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... There are several simple human forward cue-competition experiments reported in the literature (e.g. Dickinson et al., 1984;Miller, 1996;Mitchell & Lovibond, 2002), but none of these datasets have been made openly accessible. In order to provide an openly accessible dataset, we ran a standard forward cue competition experiment. ...
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It is generally assumed that the Rescorla and Wagner (1972) model adequately accommodates the full results of simple cue competition experiments in humans (e.g. Dickinson et al., 1984), while the Bush and Mosteller (1951) model cannot. We present simulations that demonstrate this assumption is wrong in at least some circumstances. The Rescorla-Wagner model, as usually applied, fits the full results of a simple forward cue-competition experiment no better than the Bush-Mosteller model. Additionally, we present a novel finding, where letting the associative strength of all cues start at an intermediate value (rather than zero), allows this modified model to provide a better account of the experimental data than the (equivalently modified) Bush-Mosteller model. This modification also allows the Rescorla-Wagner model to account for a redundancy effect experiment (Uengoer et al., 2013); something that the unmodified model is not able to do. Furthermore, the modified Rescorla-Wagner model can accommodate the effect of varying the proportion of trials on which the outcome occurs (i.e. the base rate) on the redundancy effect (Jones et al., 2019). Interestingly, the initial associative strength of cues varies in line with the outcome base rate. We propose that this modification provides a simple way of mathematically representing uncertainty about the causal status of novel cues within the confines of the Rescorla-Wagner model. The theoretical implications of this modification are discussed. We also briefly introduce free and open resources to support formal modelling in associative learning. Keywords: associative learning, prediction error, uncertainty, modelling, blocking, redundancy effect, open science.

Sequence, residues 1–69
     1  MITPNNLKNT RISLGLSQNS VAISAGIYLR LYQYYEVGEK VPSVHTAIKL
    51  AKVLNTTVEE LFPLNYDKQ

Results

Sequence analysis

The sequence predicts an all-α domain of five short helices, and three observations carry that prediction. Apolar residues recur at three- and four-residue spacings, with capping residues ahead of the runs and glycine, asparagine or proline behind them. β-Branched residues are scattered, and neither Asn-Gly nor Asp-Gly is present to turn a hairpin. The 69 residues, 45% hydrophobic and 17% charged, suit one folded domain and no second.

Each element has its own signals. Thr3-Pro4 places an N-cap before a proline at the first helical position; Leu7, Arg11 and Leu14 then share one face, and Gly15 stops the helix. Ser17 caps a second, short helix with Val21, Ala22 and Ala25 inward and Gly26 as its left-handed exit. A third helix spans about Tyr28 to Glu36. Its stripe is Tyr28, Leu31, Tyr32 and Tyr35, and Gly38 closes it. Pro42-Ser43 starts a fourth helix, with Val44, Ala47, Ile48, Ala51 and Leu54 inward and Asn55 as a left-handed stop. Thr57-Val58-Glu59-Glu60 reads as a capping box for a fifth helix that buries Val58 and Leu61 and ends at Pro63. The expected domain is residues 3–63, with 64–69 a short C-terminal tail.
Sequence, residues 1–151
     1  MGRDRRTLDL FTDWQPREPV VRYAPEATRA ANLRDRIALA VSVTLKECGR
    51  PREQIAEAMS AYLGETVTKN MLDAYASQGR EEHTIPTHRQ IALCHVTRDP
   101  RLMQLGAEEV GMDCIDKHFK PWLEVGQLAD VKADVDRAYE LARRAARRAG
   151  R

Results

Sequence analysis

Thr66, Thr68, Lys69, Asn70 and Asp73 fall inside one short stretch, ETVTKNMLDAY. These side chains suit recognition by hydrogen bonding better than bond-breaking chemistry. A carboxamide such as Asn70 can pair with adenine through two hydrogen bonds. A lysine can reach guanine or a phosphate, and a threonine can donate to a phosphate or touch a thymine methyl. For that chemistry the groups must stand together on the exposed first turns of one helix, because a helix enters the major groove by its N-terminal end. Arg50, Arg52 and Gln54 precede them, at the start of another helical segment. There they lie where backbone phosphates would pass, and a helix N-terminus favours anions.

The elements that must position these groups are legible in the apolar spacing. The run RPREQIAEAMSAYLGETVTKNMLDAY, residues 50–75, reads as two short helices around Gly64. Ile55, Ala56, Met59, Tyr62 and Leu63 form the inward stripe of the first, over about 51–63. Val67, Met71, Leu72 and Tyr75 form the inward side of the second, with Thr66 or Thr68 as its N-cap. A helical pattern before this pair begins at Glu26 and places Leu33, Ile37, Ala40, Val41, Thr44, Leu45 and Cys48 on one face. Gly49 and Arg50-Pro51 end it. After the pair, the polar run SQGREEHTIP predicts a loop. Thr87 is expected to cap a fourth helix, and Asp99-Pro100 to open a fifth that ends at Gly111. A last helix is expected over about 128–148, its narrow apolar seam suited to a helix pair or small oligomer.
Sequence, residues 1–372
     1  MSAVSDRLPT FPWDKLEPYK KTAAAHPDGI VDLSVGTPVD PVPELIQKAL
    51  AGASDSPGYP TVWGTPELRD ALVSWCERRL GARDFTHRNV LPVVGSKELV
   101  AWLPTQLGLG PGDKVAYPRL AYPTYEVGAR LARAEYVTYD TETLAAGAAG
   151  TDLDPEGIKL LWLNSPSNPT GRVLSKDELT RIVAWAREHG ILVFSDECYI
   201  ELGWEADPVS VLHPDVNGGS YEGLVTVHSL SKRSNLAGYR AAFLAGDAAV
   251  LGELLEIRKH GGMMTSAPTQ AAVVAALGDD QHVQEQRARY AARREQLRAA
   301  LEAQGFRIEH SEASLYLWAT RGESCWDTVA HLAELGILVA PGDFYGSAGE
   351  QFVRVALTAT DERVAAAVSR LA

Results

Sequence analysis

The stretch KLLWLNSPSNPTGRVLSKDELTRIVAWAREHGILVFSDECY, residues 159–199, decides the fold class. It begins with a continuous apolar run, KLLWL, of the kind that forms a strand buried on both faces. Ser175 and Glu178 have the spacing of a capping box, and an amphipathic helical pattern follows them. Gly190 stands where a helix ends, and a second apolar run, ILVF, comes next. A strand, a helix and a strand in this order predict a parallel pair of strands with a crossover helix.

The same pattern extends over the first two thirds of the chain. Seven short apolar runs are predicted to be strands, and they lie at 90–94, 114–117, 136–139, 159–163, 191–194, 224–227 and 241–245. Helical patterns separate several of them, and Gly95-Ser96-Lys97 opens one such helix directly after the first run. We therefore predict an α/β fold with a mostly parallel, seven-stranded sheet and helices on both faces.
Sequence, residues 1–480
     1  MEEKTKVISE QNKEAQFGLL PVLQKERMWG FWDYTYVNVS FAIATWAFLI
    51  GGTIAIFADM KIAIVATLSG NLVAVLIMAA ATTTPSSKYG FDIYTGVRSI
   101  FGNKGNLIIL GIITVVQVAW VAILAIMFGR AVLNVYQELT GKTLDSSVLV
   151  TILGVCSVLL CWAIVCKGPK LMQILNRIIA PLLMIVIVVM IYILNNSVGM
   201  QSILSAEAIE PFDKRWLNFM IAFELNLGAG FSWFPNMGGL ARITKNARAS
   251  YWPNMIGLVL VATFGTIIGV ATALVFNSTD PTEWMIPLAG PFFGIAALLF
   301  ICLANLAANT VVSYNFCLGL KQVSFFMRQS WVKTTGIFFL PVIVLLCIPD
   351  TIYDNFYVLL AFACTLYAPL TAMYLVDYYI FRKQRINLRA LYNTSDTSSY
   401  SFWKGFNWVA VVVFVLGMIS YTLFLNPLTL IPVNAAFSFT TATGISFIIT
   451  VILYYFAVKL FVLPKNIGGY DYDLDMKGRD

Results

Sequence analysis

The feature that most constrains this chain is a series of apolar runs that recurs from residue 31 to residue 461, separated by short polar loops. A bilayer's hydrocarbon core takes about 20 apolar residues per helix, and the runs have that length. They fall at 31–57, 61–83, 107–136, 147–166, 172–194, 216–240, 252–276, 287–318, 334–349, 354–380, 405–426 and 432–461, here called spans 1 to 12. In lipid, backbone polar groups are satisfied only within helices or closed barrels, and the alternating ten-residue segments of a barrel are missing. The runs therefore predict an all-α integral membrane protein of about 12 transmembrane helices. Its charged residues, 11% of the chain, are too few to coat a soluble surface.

... Although we cannot completely rule out procedural differences as a source for the differences found in our experiment, it is important to note that there is additional evidence supporting our conclusions that has been collected by using a different procedure (see Hogarth et al., 2014). Nevertheless, procedural discrepancies between human and nonhuman subjects is a topic that has raised, and still raises, a great amount of interest for learning and comparative research (e.g., Alcalá, González, Aristizabal, Callejas-Aguilera, & Rosas, 2018;Miller & Matute, 1996;Mitchell, De Houwer, & Lovibond, 2009), and that remains an open debate deserving further research. ...
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... Fittingly, avoidance of novel tastes is acquired more rapidly when the flavor is paired with gastric distress instead of footshock (Garcia & Koelling, 1966) and selective associations like this have been observed in animals as young as 1day-old rat pups (Gemberling and Domjan 1982). Pavlovian conditioning creates associations between contiguously occurring events, but it has long been known that biologically relevant unconditioned stimuli (food or shock) become associated to a conditioned stimulus more readily than they do to biologically neutral unconditioned stimuli (tone or light), and these biologically significant cues are protected from cue competition effects (Miller and Matute 1996). That information processed in terms of its relevancy to one's biological child (surviving in the grasslands or putatively parenting that child) is better remembered than an adopted child thus appears functional given the importance of preserving one's genetic lineage. ...